When you are putting up lights and holiday decorations, make sure you are making safe choices. Choose the right ladder for the decorating job and make sure you use it correctly. And be sure to place extension cords out of the way, so they are not tripping hazards.

Don’t forget to practice emergency preparedness specifically for those who can’t, such as young children or pets. For instance, don’t place breakable ornaments on the lower part of your Christmas tree and avoid decorating with poisonous plants (i.e., mistletoe, holly berries, Jerusalem cherry, and amaryllis).


Fire Safety Tips

You might have noticed that we didn’t talk about fire dangers in the previous section. That’s because emergency preparedness reminders covering Christmas trees and fire hazards needs its own section. Why? Well, consider these alarming statistics from the National Fire Protection Association.


“Between 2013-2017, U.S. fire departments responded to an average of 160 home fires that started with Christmas trees per year. U.S. fire departments responded to an estimated average of 780 home structure fires per year that began with decorations, excluding Christmas trees.”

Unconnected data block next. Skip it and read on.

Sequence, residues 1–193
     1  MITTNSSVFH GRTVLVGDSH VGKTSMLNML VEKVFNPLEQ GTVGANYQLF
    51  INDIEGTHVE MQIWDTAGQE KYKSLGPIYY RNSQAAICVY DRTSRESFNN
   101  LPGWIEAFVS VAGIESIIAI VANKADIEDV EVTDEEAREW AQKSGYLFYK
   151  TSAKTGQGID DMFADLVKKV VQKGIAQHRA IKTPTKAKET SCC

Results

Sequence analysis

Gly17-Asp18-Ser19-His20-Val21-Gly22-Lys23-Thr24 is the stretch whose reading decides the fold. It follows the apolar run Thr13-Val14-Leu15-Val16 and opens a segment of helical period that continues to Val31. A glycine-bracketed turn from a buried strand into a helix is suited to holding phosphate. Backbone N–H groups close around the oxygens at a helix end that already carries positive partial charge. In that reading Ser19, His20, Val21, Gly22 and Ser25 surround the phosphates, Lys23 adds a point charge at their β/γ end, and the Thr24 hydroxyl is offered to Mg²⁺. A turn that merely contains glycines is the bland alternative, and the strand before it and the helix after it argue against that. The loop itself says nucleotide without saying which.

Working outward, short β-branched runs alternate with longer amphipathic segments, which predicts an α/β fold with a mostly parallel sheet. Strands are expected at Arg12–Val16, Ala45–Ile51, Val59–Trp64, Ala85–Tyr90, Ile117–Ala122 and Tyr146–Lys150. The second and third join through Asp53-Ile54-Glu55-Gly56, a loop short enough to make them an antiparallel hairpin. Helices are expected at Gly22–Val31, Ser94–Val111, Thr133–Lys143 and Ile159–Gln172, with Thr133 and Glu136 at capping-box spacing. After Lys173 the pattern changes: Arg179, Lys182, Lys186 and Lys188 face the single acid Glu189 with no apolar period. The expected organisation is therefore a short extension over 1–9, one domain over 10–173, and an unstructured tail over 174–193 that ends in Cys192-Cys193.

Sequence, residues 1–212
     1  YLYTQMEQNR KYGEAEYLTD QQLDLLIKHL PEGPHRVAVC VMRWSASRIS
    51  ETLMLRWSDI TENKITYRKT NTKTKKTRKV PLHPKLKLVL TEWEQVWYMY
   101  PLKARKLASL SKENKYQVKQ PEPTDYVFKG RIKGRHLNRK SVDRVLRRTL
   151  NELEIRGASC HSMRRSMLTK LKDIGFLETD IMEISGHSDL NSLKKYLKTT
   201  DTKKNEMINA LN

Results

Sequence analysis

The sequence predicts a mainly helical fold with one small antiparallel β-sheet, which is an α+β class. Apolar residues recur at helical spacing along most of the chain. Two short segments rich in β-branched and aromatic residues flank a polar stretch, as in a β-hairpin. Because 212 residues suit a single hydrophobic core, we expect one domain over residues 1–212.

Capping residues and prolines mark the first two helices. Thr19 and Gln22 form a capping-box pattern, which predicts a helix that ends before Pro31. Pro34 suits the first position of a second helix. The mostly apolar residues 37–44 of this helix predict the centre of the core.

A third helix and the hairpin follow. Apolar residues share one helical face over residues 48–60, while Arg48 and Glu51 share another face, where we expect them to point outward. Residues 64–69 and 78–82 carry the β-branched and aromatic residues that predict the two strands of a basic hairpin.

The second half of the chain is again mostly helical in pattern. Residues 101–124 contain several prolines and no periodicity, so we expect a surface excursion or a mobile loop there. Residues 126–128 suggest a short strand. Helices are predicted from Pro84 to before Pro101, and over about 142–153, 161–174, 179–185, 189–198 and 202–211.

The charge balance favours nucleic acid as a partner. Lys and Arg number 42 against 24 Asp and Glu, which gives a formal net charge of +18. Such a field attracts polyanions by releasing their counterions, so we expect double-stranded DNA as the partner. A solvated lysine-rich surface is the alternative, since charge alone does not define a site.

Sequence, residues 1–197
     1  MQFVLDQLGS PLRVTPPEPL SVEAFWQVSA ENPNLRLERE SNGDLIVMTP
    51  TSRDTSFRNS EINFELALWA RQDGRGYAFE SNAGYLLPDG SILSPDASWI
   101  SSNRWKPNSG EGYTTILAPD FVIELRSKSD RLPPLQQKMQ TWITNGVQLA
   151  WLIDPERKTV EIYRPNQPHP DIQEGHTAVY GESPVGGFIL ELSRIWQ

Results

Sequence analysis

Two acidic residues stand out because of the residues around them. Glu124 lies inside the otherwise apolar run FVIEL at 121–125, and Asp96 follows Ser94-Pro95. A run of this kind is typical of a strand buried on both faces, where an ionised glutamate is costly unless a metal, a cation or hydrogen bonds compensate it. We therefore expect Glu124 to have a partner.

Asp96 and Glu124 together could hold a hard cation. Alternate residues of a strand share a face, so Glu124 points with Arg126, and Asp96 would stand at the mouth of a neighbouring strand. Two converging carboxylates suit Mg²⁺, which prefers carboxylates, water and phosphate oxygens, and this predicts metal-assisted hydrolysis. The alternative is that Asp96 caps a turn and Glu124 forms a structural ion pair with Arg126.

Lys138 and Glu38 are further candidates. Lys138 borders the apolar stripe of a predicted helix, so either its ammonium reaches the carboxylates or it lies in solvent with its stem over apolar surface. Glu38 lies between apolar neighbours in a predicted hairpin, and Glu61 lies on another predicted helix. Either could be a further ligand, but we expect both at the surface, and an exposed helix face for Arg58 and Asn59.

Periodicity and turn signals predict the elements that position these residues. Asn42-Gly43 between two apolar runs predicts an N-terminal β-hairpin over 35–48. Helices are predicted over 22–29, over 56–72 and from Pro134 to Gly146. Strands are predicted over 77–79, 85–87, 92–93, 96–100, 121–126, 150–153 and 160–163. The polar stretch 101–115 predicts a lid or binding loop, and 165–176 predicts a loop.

We shouldn’t risk fire damage to our homes just because we love all the holiday decor. You can enjoy holiday decorations as long as you stay fire smart. Since there are numerous fire hazards beyond simply having dried out Christmas trees, we’ve put together a list of things you can do to protect your home from fire this holiday season.

  • Make sure your smoke alarms are working properly.

  • Choose flame resistant or flame-retardant decorations.

  • Only use indoor lights indoors and outdoor lights outdoors.

  • Replace broken or worn light strands.